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NCJRS Abstract

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NCJ Number: 121137 Find in a Library
Title: U.S. Sentencing Guidelines and Police Officer Discretion (From U.S. Sentencing Guidelines: Implications for Criminal Justice, P 21-31, 1989, Dean J. Champion, ed. -- See NCJ-121135)
Author(s): W C Terry III
Date Published: 1989
Page Count: 11
Sponsoring Agency: Praeger Publishers
Westport, CT 06881
Sale Source: Praeger Publishers
88 Post Road West
Westport, CT 06881
United States of America
Type: Legislation/Policy Analysis
Language: English
Country: United States of America
Annotation: Given the current state of disagreement over the constitutionality of sentencing guidelines, especially at the Federal level, they apparently have had little effect on Federal law enforcement officers.
Abstract: Moreover, sentencing processes in general are too far removed organizationally from the daily work of police officers to have much effect. Nevertheless, there are some similarities between judicial and police behavior and decisionmaking worthy of note. Both judges and police officers are forced to act upon information provided them. They decide which actions to take based upon this information and upon prior experience in similar or related matters. Also, they share accusations of exercising unwarranted discretion whereby sentencing disparities and inequities are incurred by offenders. Both are subject to efforts to limit the degree of these disparities and alleged inequities. Neither guidelines to limit judicial discretion nor police discretion are designed to eliminate discretion, but rather to provide greater uniformity in official decisionmaking. 7 notes.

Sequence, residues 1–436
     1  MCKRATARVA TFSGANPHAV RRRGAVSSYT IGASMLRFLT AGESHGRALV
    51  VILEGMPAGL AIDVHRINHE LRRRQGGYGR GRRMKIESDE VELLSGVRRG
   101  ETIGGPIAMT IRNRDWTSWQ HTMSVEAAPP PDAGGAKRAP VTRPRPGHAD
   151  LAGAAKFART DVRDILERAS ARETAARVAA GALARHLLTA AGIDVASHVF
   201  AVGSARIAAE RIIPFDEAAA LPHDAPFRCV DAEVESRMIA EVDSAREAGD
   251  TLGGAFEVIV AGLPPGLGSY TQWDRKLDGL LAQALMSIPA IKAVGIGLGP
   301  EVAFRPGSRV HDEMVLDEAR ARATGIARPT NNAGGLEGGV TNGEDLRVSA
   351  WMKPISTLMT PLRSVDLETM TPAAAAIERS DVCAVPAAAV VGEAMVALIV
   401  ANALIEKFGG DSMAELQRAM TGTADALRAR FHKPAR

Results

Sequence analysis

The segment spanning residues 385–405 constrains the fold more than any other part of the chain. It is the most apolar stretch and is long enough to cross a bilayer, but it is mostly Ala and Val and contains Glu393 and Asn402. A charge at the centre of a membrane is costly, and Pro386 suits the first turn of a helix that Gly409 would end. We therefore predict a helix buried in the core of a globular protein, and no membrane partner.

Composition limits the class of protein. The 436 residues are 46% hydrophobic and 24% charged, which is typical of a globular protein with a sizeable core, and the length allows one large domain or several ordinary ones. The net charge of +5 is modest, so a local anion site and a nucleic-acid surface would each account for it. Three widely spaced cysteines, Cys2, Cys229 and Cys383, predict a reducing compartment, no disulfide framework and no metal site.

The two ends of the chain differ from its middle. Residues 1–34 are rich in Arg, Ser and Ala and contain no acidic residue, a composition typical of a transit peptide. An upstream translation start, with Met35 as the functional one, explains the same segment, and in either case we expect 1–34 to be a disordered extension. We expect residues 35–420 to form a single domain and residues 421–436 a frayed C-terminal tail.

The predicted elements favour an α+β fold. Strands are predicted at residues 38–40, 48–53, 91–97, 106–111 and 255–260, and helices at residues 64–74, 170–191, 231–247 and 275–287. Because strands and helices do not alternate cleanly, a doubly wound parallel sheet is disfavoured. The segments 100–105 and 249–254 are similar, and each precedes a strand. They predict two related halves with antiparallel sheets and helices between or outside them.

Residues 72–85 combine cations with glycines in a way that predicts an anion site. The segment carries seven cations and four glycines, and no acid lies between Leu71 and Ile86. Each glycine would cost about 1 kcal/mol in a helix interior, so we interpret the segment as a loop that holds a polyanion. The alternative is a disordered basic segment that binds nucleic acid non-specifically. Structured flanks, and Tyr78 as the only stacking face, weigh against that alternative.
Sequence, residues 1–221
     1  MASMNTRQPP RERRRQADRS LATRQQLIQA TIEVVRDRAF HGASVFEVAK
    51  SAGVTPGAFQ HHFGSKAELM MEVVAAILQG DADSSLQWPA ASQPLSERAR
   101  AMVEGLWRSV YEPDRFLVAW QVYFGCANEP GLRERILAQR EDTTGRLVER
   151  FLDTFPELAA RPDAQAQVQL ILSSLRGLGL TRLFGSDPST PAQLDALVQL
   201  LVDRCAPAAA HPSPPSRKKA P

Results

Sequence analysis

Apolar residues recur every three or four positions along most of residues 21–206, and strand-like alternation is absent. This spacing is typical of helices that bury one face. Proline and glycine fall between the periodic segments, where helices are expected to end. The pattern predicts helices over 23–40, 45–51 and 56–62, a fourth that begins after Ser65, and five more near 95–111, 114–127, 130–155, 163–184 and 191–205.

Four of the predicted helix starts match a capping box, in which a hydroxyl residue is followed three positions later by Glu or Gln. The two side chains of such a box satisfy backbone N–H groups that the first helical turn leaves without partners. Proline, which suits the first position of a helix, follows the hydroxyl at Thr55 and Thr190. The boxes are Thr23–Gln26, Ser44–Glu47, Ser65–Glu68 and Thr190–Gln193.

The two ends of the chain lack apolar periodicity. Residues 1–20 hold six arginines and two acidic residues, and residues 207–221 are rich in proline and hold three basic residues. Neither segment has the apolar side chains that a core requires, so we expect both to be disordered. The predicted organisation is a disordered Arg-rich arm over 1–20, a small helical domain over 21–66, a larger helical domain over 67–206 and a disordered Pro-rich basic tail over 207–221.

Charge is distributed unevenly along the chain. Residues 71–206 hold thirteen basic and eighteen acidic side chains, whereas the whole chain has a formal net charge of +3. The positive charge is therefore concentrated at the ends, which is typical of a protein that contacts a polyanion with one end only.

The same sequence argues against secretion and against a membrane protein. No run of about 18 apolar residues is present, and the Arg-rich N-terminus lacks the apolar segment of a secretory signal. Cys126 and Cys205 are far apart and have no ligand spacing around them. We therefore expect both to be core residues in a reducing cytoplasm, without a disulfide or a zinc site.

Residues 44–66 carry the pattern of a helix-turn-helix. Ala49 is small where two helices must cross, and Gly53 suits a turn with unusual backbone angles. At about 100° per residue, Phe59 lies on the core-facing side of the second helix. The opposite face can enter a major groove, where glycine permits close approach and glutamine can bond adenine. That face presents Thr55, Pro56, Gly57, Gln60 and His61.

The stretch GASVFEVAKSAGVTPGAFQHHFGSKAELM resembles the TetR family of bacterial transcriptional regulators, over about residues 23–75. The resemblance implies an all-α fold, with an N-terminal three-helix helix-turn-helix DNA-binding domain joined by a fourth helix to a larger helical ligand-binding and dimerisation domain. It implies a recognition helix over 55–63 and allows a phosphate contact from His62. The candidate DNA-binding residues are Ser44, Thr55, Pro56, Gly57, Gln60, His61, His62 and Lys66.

Main Term(s): Police discretion; Sentencing guidelines
Index Term(s): Federal Code; Sentencing commissions; Sentencing reform
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